Книга Treasure island. Содержание - — 33. The Fall of a Chieftain

«Aye, and so it were,» cried Morgan, springing on his knees. «Ben Gunn it were!»

«It don't make much odds, do it, now?» asked Dick. «Ben Gunn's not here in the body any more'n Flint.»

But the older hands greeted this remark with scorn.

«Why, nobody minds Ben Gunn,» cried Merry; «dead or alive, nobody minds him.»

It was extraordinary how their spirits had returned and how the natural colour had revived in their faces. Soon they were chatting together, with intervals of listening; and not long after, hearing no further sound, they shouldered the tools and set forth again, Merry walking first with Silver's compass to keep them on the right line with Skeleton Island. He had said the truth: dead or alive, nobody minded Ben Gunn. Dick alone still held his Bible, and looked around him as he went, with fearful glances; but he found no sympathy, and Silver even joked him on his precautions.

«I told you,» said he — «I told you you had sp'iled your Bible. If it ain't no good to swear by, what do you suppose a sperrit would give for it? Not that!» and he snapped his big fingers, halting a moment on his crutch. But Dick was not to be comforted; indeed, it was soon plain to me that the lad was falling sick; hastened by heat, exhaustion, and the shock of his alarm, the fever, predicted by Dr. Livesey, was evidently growing swiftly higher.

It was fine open walking here, upon the summit; our way lay a little downhill, for, as I have said, the plateau tilted towards the west. The pines, great and small, grew wide apart; and even between the clumps of nutmeg and azalea, wide open spaces baked in the hot sunshine. Striking, as we did, pretty near north-west across the island, we drew, on the one hand, ever nearer under the shoulders of the Spy-glass, and on the other, looked ever wider over that western bay where I had once tossed and trembled in the oracle.

The first of the tall trees was reached, and by the bearings proved the wrong one. So with the second. The third rose nearly two hundred feet into the air above a clump of underwood — a giant of a vegetable, with a red column as big as a cottage, and a wide shadow around in which a company could have manoeuvred. It was conspicuous far to sea both on the east and west and might have been entered as a sailing mark upon the chart.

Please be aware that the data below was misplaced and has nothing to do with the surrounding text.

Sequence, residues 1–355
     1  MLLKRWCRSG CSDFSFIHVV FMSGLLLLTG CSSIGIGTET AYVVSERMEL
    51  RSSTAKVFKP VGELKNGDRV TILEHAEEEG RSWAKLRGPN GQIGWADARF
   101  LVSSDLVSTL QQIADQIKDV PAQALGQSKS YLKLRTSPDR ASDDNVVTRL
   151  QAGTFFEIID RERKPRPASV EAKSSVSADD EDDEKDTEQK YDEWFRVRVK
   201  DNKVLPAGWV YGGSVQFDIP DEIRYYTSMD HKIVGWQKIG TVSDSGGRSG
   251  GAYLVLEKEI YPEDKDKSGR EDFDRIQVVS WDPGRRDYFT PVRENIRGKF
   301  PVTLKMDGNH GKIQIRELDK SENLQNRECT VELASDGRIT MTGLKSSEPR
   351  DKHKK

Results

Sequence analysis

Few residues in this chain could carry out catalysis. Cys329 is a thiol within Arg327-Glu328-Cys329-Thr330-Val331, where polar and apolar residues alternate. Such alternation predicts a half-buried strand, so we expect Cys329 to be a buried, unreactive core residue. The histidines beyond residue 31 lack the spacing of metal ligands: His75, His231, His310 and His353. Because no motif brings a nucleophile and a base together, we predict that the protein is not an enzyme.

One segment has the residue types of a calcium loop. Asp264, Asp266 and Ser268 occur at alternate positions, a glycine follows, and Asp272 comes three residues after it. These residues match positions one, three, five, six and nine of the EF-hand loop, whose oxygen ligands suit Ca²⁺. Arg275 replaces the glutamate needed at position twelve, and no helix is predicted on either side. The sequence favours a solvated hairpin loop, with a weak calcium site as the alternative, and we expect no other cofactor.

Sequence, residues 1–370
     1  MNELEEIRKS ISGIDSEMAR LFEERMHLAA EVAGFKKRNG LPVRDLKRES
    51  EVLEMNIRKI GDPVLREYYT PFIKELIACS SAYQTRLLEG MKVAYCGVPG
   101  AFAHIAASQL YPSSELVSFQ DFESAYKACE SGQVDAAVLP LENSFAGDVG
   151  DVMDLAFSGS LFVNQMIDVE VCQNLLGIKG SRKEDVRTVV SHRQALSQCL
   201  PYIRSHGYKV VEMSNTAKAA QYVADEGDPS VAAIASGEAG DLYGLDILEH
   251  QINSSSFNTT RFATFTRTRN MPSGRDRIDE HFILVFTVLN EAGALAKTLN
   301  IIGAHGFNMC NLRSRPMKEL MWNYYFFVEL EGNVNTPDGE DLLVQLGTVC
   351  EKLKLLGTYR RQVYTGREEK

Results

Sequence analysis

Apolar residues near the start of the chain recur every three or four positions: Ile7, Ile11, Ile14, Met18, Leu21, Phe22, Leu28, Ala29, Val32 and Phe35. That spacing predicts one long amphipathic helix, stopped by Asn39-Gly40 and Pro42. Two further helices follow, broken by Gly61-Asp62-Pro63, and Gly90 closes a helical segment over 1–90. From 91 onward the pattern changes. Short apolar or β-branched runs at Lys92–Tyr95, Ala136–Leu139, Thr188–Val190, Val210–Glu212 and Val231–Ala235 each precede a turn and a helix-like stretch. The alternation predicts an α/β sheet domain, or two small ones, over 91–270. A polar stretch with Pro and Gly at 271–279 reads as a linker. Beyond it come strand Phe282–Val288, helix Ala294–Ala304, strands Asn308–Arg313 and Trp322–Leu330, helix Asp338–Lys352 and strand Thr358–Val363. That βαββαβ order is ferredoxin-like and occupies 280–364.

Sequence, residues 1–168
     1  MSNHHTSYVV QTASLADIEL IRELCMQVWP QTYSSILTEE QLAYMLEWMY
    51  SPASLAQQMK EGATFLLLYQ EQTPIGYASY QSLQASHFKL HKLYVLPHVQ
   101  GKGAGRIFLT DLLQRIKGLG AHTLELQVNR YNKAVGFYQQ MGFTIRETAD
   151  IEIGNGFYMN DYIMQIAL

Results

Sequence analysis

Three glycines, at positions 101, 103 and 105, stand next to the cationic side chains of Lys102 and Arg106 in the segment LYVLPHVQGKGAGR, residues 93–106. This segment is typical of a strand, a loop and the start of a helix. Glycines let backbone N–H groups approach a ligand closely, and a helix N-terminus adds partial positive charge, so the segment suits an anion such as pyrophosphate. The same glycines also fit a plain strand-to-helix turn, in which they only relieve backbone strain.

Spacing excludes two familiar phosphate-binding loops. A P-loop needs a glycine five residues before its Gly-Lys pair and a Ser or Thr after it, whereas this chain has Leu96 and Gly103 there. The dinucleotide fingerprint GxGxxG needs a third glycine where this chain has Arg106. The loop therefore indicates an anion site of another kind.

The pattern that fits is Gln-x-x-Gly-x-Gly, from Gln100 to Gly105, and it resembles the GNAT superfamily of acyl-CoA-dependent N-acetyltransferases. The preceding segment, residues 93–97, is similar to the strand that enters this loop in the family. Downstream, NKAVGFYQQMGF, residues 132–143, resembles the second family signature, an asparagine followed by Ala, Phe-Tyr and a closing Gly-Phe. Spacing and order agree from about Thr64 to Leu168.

But it was not its size that now impressed my companions; it was the knowledge that seven hundred thousand pounds in gold lay somewhere buried below its spreading shadow. The thought of the money, as they drew nearer, swallowed up their previous terrors. Their eyes burned in their heads; their feet grew speedier and lighter; their whole soul was found up in that fortune, that whole lifetime of extravagance and pleasure, that lay waiting there for each of them. Silver hobbled, grunting, on his crutch; his nostrils stood out and quivered; he cursed like a madman when the flies settled on his hot and shiny countenance; he plucked furiously at the line that held me to him and from time to time turned his eyes upon me with a deadly look. Certainly he took no pains to hide his thoughts, and certainly I read them like print. In the immediate nearness of the gold, all else had been forgotten: his promise and the doctor's warning were both things of the past, and I could not doubt that he hoped to seize upon the treasure, find and board the HISPANIOLA under cover of night, cut every honest throat about that island, and sail away as he had at first intended, laden with crimes and riches.

Shaken as I was with these alarms, it was hard for me to keep up with the rapid pace of the treasure-hunters. Now and again I stumbled, and it was then that Silver plucked so roughly at the rope and launched at me his murderous glances. Dick, who had dropped behind us and now brought up the rear, was babbling to himself both prayers and curses as his fever kept rising. This also added to my wretchedness, and to crown all, I was haunted by the thought of the tragedy that had once been acted on that plateau, when that ungodly buccaneer with the blue face — he who died at Savannah, singing and shouting for drink — had there, with his own hand, cut down his six accomplices. This grove that was now so peaceful must then have rung with cries, I thought; and even with the thought I could believe I heard it ringing still.